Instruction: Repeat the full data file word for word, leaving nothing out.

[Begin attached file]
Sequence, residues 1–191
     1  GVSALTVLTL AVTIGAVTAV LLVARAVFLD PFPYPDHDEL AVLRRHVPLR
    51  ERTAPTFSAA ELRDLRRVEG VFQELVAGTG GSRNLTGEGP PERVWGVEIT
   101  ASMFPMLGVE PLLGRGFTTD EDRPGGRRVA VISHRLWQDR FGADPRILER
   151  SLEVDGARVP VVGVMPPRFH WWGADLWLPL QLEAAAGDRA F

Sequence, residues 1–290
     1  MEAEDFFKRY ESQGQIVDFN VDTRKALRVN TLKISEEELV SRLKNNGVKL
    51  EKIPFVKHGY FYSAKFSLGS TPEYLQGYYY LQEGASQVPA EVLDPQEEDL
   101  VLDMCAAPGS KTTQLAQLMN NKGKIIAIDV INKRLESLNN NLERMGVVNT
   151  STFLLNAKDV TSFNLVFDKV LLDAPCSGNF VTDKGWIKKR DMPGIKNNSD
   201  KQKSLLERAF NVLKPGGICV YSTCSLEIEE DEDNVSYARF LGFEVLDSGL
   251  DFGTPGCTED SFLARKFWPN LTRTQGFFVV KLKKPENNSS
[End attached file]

Sequence, residues 1–191
     1  GVSALTVLTL AVTIGAVTAV LLVARAVFLD PFPYPDHDEL AVLRRHVPLR
    51  ERTAPTFSAA ELRDLRRVEG VFQELVAGTG GSRNLTGEGP PERVWGVEIT
   101  ASMFPMLGVE PLLGRGFTTD EDRPGGRRVA VISHRLWQDR FGADPRILER
   151  SLEVDGARVP VVGVMPPRFH WWGADLWLPL QLEAAAGDRA F

Sequence, residues 1–290
     1  MEAEDFFKRY ESQGQIVDFN VDTRKALRVN TLKISEEELV SRLKNNGVKL
    51  EKIPFVKHGY FYSAKFSLGS TPEYLQGYYY LQEGASQVPA EVLDPQEEDL
   101  VLDMCAAPGS KTTQLAQLMN NKGKIIAIDV INKRLESLNN NLERMGVVNT
   151  STFLLNAKDV TSFNLVFDKV LLDAPCSGNF VTDKGWIKKR DMPGIKNNSD
   201  KQKSLLERAF NVLKPGGICV YSTCSLEIEE DEDNVSYARF LGFEVLDSGL
   251  DFGTPGCTED SFLARKFWPN LTRTQGFFVV KLKKPENNSS